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Photo of the week: January 25, 2013

Compass

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One hundred and forty miles southeast of Barcelona, in the middle of the “wine-dark” Mediterranean Sea, lay the Balearic Islands. It was there, on the tranquil island of Menorca, in October 2010, where Ben Visbeek of Amsterdam captured This Yahoo! Travel Photo of The Week.

In our discussions of previous Photos of The Week, we’ve talked about applying geometric formulas when composing photographs: The Golden Mean; triangles, spirals, etc. What sets this photo apart is… framing. While walking through the Moorish style village of Binibeca Vell, Mr. Visbeek saw an arch that framed a fine cat sitting comfortably in a window frame. He then framed the scene with his trusty Panasonic DMC-FZ38 camera: three frames, one good photo.

Once, at a party many years ago, the famous National Geographic photographer, Robert Madden asked me if I was a “framer.” It was a question that cut right to the heart of being a photographer: we frame what we see and framing is the very first step in composing a photograph.

We’ve all seen photographers, on TV and in movies, use their thumbs and forefingers to frame a scene; it’s a way to explore the possibilities without actually looking through a camera. Although it looks like a cliché, it’s actually quite useful. In days of yore, when we shot film, we would use an empty 35mm slide frame – held close to the eye for wide angle, further away for telephoto – to accomplish the same goal. It’s a good exercise, because in all photography, where artistic expression is important, framing comes first.

If thought isn’t given to the framing of a photograph, there is little that can be done later to make it look better. Cropping can help, and as the sensors on new digital cameras have gotten better, an argument can be made for not worrying so much about framing. To be sure, if you are a combat photographer, framing and composing might not be an option, but it is for the rest of us.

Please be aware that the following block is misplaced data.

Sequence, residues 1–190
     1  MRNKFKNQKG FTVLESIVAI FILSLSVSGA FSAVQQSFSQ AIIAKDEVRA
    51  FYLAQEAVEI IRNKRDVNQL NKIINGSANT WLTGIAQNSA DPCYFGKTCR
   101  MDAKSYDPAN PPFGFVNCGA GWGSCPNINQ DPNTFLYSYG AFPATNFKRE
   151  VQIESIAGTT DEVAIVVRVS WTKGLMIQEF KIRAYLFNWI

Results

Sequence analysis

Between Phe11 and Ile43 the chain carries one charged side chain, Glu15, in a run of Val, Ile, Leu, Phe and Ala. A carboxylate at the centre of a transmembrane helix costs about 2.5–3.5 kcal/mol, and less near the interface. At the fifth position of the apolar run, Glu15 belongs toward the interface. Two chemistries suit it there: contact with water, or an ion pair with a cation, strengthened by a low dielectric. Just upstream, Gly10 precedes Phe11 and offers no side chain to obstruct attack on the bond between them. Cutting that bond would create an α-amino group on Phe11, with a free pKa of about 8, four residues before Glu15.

Since Mr. Visbeek did take time, and gave his photo some thought, we have been given lots of information and it’s fun to look at. The cat is defiantly the focal point, but we also get to see its world. Certainly, if Mr. Visbeek wanted, he could have gone closer to the cat, if it were obliging, and taken a perfectly nice close-up of it looking out the window/picture frame. It’s all about framing.

Many of today’s digital cameras have a viewfinder grid, which can be turned on and off. Check your owner’s manual and see how to activate yours. Usually, you will find that it turns the rectangle of your view finder – proportioned very much like the Golden Mean – in to thirds: three squares on the top, middle and bottom. With the lines activated you can easily start appreciating the various elements in your photo; how they interact with each other and ways to refine the composition.

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